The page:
You Don’t Always Need to go Flat Out When You Head for the Hills

I’ve had a recent barrage of people who tell me they can’t get out and exercise where they live because they are in the hills…


I find some irony in the fact that many of these people can yet get out of bed at the crack of dawn, jump in their car on a freezing cold morning and drive down to the flat to use a machine inside a building and stare at a screen for 30 minutes whilst ‘paying their dues’ to their body! And some of these may or may not get upset if their carpark right outside the door is taken for the day!

Ok, so this may come off a bit harsh. Please hear me, I am not having a go at anybody. It’s just one of those little fitness industry trends that bemuses me at times. Designers and manufacturers of fitness equipment must be laughing at how they can produce and market gadgets and build their campaigns on the knowledge that society loves a ‘quick fix’.

Rant over! Here’s a case for those who live in the hills, or who are drawn to the thought of exercising in the hills but can’t quite muster the motivation.

The cost of time is the same in the hills as it is on the flat! A 30 minute session lasts for exactly the same amount of time regardless of the location…I know, earth-shattering information, right?!

Undulating surfaces are resistance training in disguise. Get up and down a few hills and you might just gain a strength response! At the very least, your metabolic response will outlast the duration of your 30 minute plod at a constant pace.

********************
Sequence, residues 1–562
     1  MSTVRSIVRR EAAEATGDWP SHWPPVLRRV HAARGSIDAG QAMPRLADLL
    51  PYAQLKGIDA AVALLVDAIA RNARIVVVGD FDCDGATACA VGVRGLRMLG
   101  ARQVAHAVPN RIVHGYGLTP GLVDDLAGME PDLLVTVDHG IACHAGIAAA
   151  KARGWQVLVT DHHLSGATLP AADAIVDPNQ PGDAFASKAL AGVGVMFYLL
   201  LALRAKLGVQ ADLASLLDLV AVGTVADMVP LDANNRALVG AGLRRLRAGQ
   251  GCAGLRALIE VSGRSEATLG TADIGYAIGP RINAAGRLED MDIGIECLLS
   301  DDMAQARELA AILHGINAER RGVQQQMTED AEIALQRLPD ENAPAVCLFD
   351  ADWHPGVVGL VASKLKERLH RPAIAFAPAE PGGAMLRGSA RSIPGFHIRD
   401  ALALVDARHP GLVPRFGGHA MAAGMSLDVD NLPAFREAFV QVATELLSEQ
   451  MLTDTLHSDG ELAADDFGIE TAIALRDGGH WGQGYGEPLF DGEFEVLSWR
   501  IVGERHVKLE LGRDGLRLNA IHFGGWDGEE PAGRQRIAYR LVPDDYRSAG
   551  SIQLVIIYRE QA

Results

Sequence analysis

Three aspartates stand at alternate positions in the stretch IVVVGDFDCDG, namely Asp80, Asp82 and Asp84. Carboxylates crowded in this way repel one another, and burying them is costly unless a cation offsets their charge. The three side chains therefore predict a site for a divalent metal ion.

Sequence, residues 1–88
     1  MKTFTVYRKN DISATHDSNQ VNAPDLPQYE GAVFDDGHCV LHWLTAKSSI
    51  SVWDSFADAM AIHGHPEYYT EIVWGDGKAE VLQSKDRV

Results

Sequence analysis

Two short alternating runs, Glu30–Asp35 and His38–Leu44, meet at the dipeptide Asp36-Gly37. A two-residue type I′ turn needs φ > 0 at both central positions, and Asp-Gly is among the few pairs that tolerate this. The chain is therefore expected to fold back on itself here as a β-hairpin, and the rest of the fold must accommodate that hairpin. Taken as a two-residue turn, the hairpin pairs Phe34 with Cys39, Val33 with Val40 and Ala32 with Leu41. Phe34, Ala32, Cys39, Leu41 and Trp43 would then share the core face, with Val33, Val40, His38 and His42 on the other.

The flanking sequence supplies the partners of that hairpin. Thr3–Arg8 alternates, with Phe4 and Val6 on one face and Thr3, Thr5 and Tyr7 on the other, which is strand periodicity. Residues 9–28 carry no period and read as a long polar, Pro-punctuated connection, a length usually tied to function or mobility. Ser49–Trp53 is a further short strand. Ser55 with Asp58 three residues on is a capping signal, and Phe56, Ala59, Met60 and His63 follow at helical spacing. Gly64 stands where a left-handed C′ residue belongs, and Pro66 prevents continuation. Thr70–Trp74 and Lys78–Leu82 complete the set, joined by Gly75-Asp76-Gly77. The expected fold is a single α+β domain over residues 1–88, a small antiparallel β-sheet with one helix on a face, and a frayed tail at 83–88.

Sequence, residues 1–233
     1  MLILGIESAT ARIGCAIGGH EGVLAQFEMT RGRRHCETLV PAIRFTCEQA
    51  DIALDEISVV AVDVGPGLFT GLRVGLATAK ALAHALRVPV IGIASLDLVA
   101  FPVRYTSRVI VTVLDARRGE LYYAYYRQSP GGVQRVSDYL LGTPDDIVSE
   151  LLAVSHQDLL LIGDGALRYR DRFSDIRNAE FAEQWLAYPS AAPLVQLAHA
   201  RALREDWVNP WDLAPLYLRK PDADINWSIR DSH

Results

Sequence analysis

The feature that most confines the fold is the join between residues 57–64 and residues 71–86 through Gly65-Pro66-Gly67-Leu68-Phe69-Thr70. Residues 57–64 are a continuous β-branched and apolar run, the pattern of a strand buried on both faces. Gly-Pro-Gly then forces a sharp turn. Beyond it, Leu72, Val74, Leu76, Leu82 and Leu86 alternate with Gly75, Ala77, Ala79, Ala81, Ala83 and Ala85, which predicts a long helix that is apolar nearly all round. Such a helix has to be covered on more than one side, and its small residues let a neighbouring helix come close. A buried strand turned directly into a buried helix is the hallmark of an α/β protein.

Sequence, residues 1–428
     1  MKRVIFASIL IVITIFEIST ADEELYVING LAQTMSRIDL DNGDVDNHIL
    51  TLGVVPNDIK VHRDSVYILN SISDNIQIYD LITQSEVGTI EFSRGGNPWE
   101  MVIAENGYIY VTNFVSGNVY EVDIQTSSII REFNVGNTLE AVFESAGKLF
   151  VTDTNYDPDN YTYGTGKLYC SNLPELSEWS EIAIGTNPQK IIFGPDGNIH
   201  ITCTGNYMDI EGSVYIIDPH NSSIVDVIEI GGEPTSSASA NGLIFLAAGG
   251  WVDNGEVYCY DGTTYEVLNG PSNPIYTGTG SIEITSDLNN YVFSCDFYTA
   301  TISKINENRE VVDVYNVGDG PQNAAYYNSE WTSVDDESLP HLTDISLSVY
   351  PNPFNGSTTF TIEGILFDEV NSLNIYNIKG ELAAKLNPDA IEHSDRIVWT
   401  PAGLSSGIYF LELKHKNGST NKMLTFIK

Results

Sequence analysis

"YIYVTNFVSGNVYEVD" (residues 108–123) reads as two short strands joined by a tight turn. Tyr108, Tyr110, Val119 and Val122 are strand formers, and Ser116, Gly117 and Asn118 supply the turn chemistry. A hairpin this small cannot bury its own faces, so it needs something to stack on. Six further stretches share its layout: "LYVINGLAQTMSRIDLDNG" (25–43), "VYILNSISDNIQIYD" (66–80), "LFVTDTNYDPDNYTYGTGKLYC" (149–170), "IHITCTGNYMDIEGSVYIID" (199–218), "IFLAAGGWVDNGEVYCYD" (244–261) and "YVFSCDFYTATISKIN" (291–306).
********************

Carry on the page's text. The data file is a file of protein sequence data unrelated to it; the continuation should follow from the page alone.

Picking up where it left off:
Hills are the cheapest personal trainer you will ever employ. They do your interval programming for you, free of charge, and it saves everybody time and effort in drawing up work-rest intervals to a lab-determined optimum.

To achieve the same cerebral response to hill training on an ergometer, you must break every OH & S code that exists in a given building! The stimulation that your cerebellum receives through surface variation, changing visual stimulus and the engagement of navigating your route might just make you more creative and productive for the day.

Your body is not confined to the limitations of your equipment. Most treadmills have the incline capacity of a modest 10% grade. In the hills, you could expect upward of 30. Laying aside the increased effort that this poses – which is the primary deterrent in most cases – our bodies are supposed to be mobile and adaptable to many varying degrees of movement planes and angles.

If you confine your movement to the capacity of a mechanical ergometer, you risk losing your capacity to negotiate the real world!

I have said this stuff in person to the people who have expressed disdain toward exercising in the hills, so this is not me being an internet tough guy! I thought it was worth encouraging a broader perspective on the benefits on offer through harder modes of exercise! Done well, and it won’t kill you; and if it doesn’t kill you it makes you stronger hey?!


Nathan Chesterfield is an Accredited Exercise Physiologist who has worked in private clinical practise for 11 years.